I have to work on that because I want my little girl to be proud of me. I don’t want S’s, or AJ’s, memories of me to be like my memories of my grandmother. She was negative and pessimistic. She was loving and caring. I want to be more, to be better than that.

So, I’m working on it.

family, life, teaching, Uncategorized

It’s been a strange day

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The end of the school year is in sight. My school district has seven days left, counting today. Our seniors are almost done and are wrapping up their high school careers. Our underclassmen are finishing cumulative projects and preparing to advance to the next grade level. There are awards ceremonies, student recognition ceremonies, last concerts, graduation rehearsal, and final exams.

Last week, I had the privilege of attending the Top 10 luncheon where the school district invites the Top 10 seniors in class rank from each high school campus, their principals, their parents, and each senior selects an influential teacher to attend with them. I attended with an amazing young woman, 3rd in her class, who is one of the smartest, kindest students I’ve known in 17 years of teaching. Her senior class, the Class of 2017, is one of the most compassionate classes I’ve taught. Yesterday, I had the honor to present three of my seniors with scholarships at the senior awards ceremony. I will deeply miss this senior class, and graduation will be joyous and sad.

As the campus Teacher of the Year, I have the honor of sitting on the stage with the class sponsors, the principals, school board members, and the interim superintendent. Watching each of them walk the stage will be bittersweet -excitement as they move to the next stage of their lives, sadness knowing I will not see them walking the halls of our high school next year. They will join me as alumnus of this school when the school year ends and graduation commences.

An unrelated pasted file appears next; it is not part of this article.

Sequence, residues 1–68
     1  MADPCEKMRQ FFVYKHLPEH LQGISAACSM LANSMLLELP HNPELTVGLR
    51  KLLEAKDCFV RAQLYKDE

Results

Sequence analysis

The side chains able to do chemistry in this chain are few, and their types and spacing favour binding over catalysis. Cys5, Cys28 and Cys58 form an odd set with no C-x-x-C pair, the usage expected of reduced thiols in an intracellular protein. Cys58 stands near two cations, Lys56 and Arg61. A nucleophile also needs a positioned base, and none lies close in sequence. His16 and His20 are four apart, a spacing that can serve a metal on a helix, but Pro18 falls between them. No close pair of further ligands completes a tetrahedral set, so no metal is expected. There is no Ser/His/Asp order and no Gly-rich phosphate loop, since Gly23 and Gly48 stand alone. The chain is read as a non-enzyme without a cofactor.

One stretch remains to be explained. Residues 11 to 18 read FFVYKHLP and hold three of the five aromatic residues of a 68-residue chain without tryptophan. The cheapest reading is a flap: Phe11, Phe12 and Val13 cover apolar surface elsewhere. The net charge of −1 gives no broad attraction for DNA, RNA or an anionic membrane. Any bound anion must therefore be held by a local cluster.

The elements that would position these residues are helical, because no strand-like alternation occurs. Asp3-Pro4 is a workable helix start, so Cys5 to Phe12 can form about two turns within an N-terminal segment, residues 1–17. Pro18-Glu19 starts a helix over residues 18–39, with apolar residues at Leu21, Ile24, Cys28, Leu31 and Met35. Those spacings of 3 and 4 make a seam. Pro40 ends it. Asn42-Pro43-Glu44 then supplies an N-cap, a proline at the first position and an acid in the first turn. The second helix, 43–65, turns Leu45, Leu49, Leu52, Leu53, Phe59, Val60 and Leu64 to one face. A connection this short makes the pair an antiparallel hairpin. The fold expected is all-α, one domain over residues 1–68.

Today started out as a normal, end of the year day. I woke up later than I wanted to, but it’s the end of the year, and I wasn’t going to be late…I just woke up later than I planned. Since I knew I didn’t have anything extra on my plate today at school, I threw on minimal makeup, a pair of black pants, a black and gray linen blend shirt, and a black cardigan. Appropriate attire for the end of the year, especially an end of the year which involves packing up my entire room.

Everything was totally normal until 8:15 am when our principal’s secretary came down to my classroom. She held a note for me with a message to call our district’s communication coordinator ASAP, which to me was strange because I knew I would see her tonight at the school board meeting. See, two weeks ago, all the campus Teachers of the Year were honored at a school board meeting. Then, the Friday after the board meeting, I was surprised by the interim superintendent and our communication’s director during my second period class -They came to announce that I had been named Secondary Teacher of the Year for my district. I’m still shocked by it. All the campus Teachers of the Year are invited to apply as our district Teacher of the Year, which I did with no expectation of being selected by the committee who then selects a district Teacher of the Year for elementary and another one for secondary. Tonight, the district Elementary Teacher of the Year and I will be presented to the school board.

I called our communications coordinator, who is lovely, engaging, and savvy, and when she answered, she wasted no time.

“Channel 8 wants to come interview you and do a story about you,” she told me.

Once I picked my jaw off the ground, I squeaked out, “But whyyyyyyyyyyyy?” I sounded much like the teenagers I teach.